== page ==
The fact is, a proxy war could deteriorate into a more formal version of itself. Attempting to ban homeschooling in general, or more likely, creating harsh homeschool restrictions, would most certainly serve as the first shot of a long drawn out engagement. Parents vs. government isn’t a showdown we want to see anytime soon. But again, the chess-like patterns suggest that’s exactly where the state may be headed.
The unvaccinated and homeschooled will continue to rise. The state’s just not likely to allow the momentum to continue uninterrupted.
In California, homeschool kids typically meet up with their public school counterparts as part of homeschool programs. Dr. James Cherry of UCLA’s pediatric division, claims this creates a ripe environment to spread illnesses.
“They frequently get together,” he said in the LA Times article. “If there’s a cluster, and they’re getting together, and [a disease] gets introduced, then there are going to be a lot of cases — and that’s likely to happen.”
But the vaccine schedule continues to swell, something parents like Kardie Lee isn’t comfortable with. She claims that her daughter woke in the middle of the night screaming following the injection of several vaccines. Her daughter’s health was determined to be fine, but in the LA Times article, Lee says it scared her away from a vaccine schedule that mandates 15 shots before school begins.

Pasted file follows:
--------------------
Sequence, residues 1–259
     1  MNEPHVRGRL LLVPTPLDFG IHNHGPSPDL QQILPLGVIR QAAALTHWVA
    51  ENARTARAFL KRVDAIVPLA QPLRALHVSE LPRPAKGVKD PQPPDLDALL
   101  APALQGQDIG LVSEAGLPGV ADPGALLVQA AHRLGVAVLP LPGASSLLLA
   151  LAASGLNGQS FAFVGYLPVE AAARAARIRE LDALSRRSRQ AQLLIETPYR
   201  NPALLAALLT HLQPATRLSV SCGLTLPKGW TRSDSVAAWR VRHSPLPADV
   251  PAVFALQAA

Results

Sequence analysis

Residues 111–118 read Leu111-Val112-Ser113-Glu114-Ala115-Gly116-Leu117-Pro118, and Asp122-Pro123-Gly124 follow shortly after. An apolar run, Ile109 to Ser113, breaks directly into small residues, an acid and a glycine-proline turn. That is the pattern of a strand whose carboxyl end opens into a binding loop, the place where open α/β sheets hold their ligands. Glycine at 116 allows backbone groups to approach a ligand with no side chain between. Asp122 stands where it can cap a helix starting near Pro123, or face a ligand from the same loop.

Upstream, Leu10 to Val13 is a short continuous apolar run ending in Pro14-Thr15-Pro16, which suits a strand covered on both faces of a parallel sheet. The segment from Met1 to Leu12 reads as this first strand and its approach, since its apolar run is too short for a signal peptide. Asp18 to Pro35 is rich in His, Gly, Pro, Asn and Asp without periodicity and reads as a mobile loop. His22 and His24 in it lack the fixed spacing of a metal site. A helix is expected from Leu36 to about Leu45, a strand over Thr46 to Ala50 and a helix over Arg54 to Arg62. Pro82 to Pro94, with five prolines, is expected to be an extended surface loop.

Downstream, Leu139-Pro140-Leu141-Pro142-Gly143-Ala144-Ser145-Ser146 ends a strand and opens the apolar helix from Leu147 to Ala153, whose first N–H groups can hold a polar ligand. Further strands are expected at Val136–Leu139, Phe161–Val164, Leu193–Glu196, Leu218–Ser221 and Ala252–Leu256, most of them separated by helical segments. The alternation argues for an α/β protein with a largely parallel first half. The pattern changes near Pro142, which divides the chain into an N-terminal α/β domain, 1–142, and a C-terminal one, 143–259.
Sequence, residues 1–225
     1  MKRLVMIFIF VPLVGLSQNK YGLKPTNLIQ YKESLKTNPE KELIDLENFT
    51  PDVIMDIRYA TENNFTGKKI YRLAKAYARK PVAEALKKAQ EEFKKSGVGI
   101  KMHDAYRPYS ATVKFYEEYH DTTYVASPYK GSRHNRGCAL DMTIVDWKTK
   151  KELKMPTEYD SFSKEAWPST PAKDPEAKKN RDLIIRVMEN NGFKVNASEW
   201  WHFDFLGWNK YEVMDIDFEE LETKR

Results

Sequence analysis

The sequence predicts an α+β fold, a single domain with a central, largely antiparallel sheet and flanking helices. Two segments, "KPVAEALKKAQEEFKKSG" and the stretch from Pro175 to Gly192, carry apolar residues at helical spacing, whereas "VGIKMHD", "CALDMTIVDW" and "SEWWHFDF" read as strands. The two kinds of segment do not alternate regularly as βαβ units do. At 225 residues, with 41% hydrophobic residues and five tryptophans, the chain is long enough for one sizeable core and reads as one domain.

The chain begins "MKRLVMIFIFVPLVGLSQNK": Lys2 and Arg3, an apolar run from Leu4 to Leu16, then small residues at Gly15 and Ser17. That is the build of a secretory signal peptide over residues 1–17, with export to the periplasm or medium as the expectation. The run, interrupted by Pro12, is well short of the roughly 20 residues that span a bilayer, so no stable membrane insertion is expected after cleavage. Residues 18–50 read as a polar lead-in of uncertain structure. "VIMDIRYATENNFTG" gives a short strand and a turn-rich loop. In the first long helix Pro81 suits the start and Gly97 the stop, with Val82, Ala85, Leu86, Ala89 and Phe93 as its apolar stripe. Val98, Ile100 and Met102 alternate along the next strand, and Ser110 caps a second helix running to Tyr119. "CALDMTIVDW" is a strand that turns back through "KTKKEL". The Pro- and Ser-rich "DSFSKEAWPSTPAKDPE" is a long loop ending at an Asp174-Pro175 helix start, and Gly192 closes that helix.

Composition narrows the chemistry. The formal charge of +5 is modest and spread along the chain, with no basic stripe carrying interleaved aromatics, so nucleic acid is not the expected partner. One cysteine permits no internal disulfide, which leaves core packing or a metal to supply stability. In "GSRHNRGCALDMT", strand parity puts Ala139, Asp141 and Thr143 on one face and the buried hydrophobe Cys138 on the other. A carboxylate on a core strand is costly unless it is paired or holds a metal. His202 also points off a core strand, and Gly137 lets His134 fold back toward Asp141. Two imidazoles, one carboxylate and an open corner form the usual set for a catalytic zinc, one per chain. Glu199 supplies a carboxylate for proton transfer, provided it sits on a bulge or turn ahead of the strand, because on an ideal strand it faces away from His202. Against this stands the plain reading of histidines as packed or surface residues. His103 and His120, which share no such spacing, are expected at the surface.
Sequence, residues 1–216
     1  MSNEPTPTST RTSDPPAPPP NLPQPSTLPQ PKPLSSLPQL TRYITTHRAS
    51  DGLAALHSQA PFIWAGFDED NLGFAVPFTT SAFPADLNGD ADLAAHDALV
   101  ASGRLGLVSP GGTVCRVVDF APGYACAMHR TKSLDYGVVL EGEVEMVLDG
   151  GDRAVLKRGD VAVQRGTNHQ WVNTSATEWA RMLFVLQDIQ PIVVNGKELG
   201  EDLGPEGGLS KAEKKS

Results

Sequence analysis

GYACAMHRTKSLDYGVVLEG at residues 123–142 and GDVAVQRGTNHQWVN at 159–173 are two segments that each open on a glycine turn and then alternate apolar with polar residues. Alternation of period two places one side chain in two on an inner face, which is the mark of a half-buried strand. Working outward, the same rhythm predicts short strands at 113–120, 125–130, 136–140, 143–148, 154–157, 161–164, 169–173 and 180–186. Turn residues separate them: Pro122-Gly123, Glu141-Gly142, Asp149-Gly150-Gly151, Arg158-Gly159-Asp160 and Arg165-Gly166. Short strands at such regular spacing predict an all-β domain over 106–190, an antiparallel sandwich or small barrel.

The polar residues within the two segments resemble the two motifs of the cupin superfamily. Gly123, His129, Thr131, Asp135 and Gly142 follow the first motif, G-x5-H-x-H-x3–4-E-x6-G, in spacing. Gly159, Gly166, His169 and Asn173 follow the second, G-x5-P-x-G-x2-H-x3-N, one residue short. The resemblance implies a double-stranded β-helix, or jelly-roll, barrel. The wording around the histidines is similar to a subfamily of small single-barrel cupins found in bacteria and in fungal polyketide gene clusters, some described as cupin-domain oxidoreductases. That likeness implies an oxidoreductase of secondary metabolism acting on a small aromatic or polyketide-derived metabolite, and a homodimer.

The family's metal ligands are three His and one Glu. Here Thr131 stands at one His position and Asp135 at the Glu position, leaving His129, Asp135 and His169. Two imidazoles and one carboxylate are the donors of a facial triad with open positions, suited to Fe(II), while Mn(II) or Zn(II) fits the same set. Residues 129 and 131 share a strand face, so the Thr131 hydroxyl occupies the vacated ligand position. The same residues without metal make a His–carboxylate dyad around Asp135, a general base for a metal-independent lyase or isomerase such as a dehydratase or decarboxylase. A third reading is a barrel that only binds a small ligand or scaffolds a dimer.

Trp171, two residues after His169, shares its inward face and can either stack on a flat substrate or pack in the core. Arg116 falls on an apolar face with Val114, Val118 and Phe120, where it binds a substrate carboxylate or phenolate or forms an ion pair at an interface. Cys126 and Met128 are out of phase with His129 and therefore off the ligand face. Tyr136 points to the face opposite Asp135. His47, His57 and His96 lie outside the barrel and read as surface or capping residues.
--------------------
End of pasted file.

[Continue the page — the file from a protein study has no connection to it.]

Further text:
Homeschool numbers continue to surge not only in California but throughout the nation. This is something the author of SB-277, Sen. Richard Pan (D-Sacramento), believes is problematic and the result of soft laws.
“We know home-schooling is increasing across the country,” said Sen. Pan. “We haven’t passed vaccination laws across the country.”
But again, the media tends to associate increased homeschooling numbers solely with the vaccine divide. That’s not true.
“The majority of people who we home-school with did not come into it because of SB 277 at all,” said Monique Labarre, who admins a San Diego Facebook Homeschool group.
School safety, one-sided political teachings, and bullying are also big drivers of increasing homeschool numbers.
Nevertheless, a confluence of political divisions is evolving into a bigger, more pronounced showdown. That won’t end well for anyone. The hope is that a moderate position is found before any engagement occurs. That said, California doesn’t seem very flexible when it comes to relinquishing any amount of power and overreach. The bad news is, they’ve now hit a brick wall with parents who refuse to give up any more parental rights.
The state of California is suffering from exploding homelessness. In fact, many middle-class Californians are sleeping in their cars. There are videos of “zombies” traversing San Fransico’s BART stations. The state recently came under fire for spending hundreds of thousands of dollars painting chemically lathering neighborhood streets as a way to reflect sun rays and fight climate change.
The point is, California is most likely to do what it wants to do. The question now is, where do parents make their ultimate stand?